Trading Live for Mandela Day is an annual, joint initiative of the Directorates of Community Engagement and Human Resources at Rhodes University, with various NGOs and activist groups in Grahamstown.
Trading Live for Mandela Day is an annual, joint initiative of the Directorates of Community Engagement and Human Resources at Rhodes University, with various NGOs and activist groups in Grahamstown.
Started 2012, it celebrates Nelson Mandela’s birthday by giving Rhodes University staff and students a chance to volunteer at least 67 minutes of their time to a worthy cause.
Various campus organisations partner with the Grahamstown community, choosing what they want to 'trade'. This year, some 90-odd events took place across Makana in honour of South Africa's most famous citizen.
Students from the Rhodes School of Journalism were there to capture some of the moments.
“Bend and up. Bend and up. Bend and up. Now turn.”
Eleven little girls stand in a circle doing their utmost to follow a teacher’s instructions during their first ballet class at Boy Boy Mginywa Pre-school in Joza.
Thirty other boys and girls sit and watch as the teachers, with the aid of crèche assistants, tackle the pre-primary ballet syllabus.
With straight backs and necks tilted so that they face the ceiling, hands on hips and feet in first position, they learn to point their tiny toes without “squashing the fairies”.
Skipping, galloping, balancing and jumping — always with pointy toes — the tiny ballerinas move around the room like fairy princesses with their fairy wings, antenna headbands and wands.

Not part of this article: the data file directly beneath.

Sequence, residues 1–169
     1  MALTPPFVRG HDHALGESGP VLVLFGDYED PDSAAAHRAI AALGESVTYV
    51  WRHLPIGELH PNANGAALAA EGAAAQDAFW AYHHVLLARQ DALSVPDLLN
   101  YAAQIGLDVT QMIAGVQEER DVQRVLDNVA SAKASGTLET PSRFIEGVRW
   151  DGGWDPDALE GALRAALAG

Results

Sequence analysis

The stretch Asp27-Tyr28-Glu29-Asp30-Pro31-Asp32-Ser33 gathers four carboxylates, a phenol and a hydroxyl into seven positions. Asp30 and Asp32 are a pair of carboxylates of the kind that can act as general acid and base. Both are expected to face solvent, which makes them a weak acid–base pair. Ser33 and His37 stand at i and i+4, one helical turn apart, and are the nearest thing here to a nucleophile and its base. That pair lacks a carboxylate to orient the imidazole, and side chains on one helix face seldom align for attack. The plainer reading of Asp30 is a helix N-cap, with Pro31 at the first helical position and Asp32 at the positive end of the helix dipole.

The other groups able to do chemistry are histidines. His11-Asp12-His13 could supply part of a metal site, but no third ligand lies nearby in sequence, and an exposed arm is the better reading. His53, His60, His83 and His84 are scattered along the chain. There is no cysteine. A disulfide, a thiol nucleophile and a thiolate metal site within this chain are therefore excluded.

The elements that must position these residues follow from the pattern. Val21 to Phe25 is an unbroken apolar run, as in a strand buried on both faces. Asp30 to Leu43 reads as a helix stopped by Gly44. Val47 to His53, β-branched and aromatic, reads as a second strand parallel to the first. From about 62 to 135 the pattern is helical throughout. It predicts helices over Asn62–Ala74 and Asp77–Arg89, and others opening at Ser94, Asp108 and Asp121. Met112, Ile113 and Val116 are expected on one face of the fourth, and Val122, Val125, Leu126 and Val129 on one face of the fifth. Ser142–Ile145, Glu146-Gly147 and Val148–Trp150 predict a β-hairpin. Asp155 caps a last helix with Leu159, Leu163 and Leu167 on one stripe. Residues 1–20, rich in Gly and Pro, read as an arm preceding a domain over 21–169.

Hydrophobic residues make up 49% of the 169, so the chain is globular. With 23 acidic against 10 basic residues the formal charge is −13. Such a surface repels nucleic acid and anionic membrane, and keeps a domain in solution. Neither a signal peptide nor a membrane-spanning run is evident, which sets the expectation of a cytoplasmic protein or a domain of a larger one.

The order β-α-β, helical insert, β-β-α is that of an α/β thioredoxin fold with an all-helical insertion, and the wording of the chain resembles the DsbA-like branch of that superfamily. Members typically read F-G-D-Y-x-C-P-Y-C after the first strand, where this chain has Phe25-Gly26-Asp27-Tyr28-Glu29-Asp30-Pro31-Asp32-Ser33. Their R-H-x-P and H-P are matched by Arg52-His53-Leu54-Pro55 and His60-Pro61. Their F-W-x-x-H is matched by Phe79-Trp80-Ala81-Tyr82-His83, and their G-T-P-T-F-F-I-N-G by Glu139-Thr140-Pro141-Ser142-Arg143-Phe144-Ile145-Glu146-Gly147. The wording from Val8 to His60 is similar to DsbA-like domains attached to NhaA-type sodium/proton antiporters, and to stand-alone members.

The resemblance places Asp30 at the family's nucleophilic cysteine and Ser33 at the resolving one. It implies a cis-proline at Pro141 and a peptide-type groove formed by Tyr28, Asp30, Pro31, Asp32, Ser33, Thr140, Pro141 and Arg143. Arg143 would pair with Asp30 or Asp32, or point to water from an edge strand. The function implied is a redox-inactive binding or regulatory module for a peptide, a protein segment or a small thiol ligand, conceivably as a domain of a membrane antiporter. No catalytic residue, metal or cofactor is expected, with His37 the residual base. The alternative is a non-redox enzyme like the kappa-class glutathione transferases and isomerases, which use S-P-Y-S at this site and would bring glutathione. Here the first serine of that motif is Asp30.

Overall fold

When the syllabus is complete the creche teachers join all the children in a big circle to do stretches, standing up and lying down.
The little ones smile and giggle as they lie on their backs and try to get their legs as close to their faces as possible.
I was one of the teachers.
Before leaving with co-teacher Kendal Quicke, we organised to return for weekly ballet classes. Everyone curtsied and we received many sticky kisses on the cheeks.
Hearing 40 voices shouting “bye!” repeatedly, we left believing that there would be many more dance classes in the weeks to come.
Future Grahamstown-born Lara Crofts and Indiana Joneses from Mary Waters Secondary School enjoyed a tour of the Albany Museum last Friday.
Museum education officer Nozipho Madinda showed the 20 pupils around, also explaining the interesting career options they could follow in museums.
From archaeology to various other scientific professions, she said they didn’t have to become teachers or nurses if those jobs didn’t interest them. “You could be a palaeontologist or a botanist working in the museum. You can do anything,” she said.
Madinda said Albany Museum is the second oldest in the country and is a significant part of Grahamstown’s heritage and future.
The tour started in the planetary room where learners were introduced to fields relating to the study of outer space. The Grade 10 and 11 pupils had plenty of questions, like 'why is Pluto no longer a planet?’ and whether dreams did come true after wishing on a shooting star.